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Search Program Faculty/Research

Marcel M. Daadi, Ph.D.

Marcel daadi-pic-wscs2015


Dr. Marcel Daadi is an expert in regulated translational research, especially in stem cell therapeutic applications for Parkinson’s disease and brain injuries. He discovered growth and differentiation conditions to direct human neural stem cells toward the dopaminergic lineage. This work produced two hallmark studies, both of scientific importance and therapeutic application for Parkinson’s disease.

In an industrial setting (NeuroSpheres Ltd. and Layton Biosciences Inc.), he developed therapeutic neural stem cell lines for clinical use in stroke, Parkinson’s disease and other diseases and injuries. He is involved in the development of the world’s first cryopreserved neural product manufactured under current Good Manufacturing Practices and transplanted into patients afflicted with stroke at Layton Biosciences Inc., Sunnyvale CA.

At the University of California San Francisco, he was involved in pivotal Investigational New Drug-enabling gene therapy non-human primate studies that allowed Avigen, Inc. to conduct clinical trials for treating patients with Parkinson’s disease. At Stanford University, he started and led the human embryonic stem cell program focused on developing therapeutic stem cell lines for treating ischemic stroke. He also discovered and patented a novel technique of engineering neural cells from pluripotent human embryonic stem cells that is currently in development for treating patients with stroke.

Dr. Daadi's current and future research is centered on the following areas:

1. Development of technologies to establish pluripotent stem cells, isolate self-renewable multipotent NSCs and generate specific neuronal lineages, such as dopaminergic neurons for treating Parkinson’s disease.

2. Pursuing reprogramming and genome-editing technologies to model neurological disorders in vitro and to understand mechanisms mediating disease development and degenerative processes following injury or disease.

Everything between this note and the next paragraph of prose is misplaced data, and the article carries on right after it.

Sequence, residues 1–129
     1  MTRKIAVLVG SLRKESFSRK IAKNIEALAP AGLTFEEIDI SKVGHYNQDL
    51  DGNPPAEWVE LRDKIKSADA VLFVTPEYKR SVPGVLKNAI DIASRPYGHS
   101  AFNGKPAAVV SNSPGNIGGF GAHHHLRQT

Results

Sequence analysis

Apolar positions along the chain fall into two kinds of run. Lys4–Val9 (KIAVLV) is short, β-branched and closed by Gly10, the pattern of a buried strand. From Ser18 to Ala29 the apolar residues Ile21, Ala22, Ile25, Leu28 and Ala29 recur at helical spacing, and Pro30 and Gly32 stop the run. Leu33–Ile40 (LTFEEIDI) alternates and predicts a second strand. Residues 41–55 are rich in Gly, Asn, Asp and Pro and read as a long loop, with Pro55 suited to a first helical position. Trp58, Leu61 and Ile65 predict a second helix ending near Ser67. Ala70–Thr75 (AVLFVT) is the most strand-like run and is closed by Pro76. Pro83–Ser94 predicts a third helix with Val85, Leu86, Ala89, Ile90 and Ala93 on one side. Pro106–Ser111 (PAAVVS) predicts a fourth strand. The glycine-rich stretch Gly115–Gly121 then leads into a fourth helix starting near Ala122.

3. Developing therapeutic stem cell lines in our current Good Manufacturing Practices (cGMP) facility at the Southwest National Primate Research Center.

4. Preclinical development using nonhuman primates models of a variety of diseases and applying cell delivery and multimodal molecular imaging techniques to monitor the safety and efficacy..

5. Genetica engineering of NSCs to investigate the role of optogenetics on their fate after grafting. These studies will help determine the mechanisms mediating stem cell graft–host interactions in enhancing neuro-regeneration and restoring function.

Results from our studies are the foundation of translational research aimed at repairing diseased or injured brain through transplantation of highly purified NSCs or stimulation of endogenous repair mechanisms.

Selected Publications

Malloy K., Li J., Choudhury G., Torres A., Gupta S., Kantorak C., Goble T., Fox P., Clarke G., Daadi M.M.MRI Guided Delivery of Neural Stem Cells into the Basal Ganglia of Nonhuman Primates. STEM CELLS Translational Medicine. 2017, 6(3):877-885.

McEntire CR, Choudhury GR, Torres A, Steinberg GK, Redmond DE Jr, Daadi M.M. Impaired Arm Function and Finger Dexterity in a Nonhuman Primate Model of Stroke: Motor and Cognitive Assessments. Stroke. 2016, 47(4):1109-16.

Choudhury G., Kim J., Frost P.A., Bastarrachea R.A., Daadi M.M. (2016). Nonhuman Primate Model in Clinical Modeling of Diseases for Stem Cell Therapy. BRAIN CIRCULATION. 2016, 2(3):141-145

Daadi M.M., Barberi T, Shi Q, Lanford RE. (2014) Nonhuman primate models in translational regenerative medicine.Stem Cells Dev. 23, Suppl 1:83-7.

Daadi M.M.,Grueter B.A., MalenkaR.C., Redmond DE, Steinberg G.K. (2012) Dopaminergic Neurons from Midbrain-Specified Human Embryonic Stem Cell-Derived Neural Stem Cells Engrafted in a Monkey Model of Parkinson's Disease. PLoS ONE, 2012;7(7):e41120.

Daadi M.M., Hu S., Klausner J.Q., Li Z., Sofilos M., Sun G., Wu J.C. and Steinberg G.K. (2013) Imaging Neural Stem Cell Graft-Induced Structural Repair in Stroke. Cell Transplantation, 2013;22(5):881-92.

Daadi M.M. (2011) Novel paths towards neural cellular products for neurological disorders. Regenerative Medicine 6(6 Suppl):25-30.

Daadi M.M. (2011) Engineering Therapeutic Neural Stem Cell Lines For Parkinson’s Disease. In Embryonic Stem Cells - Recent Advances in Pluripotent Stem Cell-Based Regenerative Medicine. (Craig Atwood, ed.) InTech Publisher, ISBN 978-953-307-198-5.

Daadi M.M. (2010) The Common path: Tumor suppression in the generation of iPS cells and cancer stem cells. Regenerative Medicine 5:21-22.

Martinez-Cerdeno V, Noctor SC, Espinosa A, Ariza J, Parker P, Orasji S, Daadi M.M, Bankiewicz K, Alvarez-Buylla A, Kriegstein AR (2010) Embryonic MGE precursor cells grafted into adult rat striatum integrate and ameliorate motor symptoms in 6-OHDA-lesioned rats. Cell Stem Cell 6:238-250

Daadi M.M., Davis A., Arac A., Li Z., Maag A.L., Bhatnagar R., Guohua S., Wu J.C. and Steinberg G.K. (2010) Human neural stem cell grafts modify microglial response and enhance axonal sprouting in neonatal hypoxic-ischemic brain injury. Stroke 41:516-523.

Associate Scientist & Director, Stem Cells & Regenerative Medicine

Texas Biomedical Research Institute

Leader of the Regenerative Medicine & Aging Unit, Southwest National Primate Research Center

Adjunct Associate professor

Department of Cell Systems and Anatomy

Department of Radiology, Medical School


Ph.D., Neuroscience, Universite De La Mediterranee, 1992

M.S., Neuroscience, Universite De La Mediterranee, 1988



Phone: (210) 258-9210

Graduate Students

Jeffrey Kim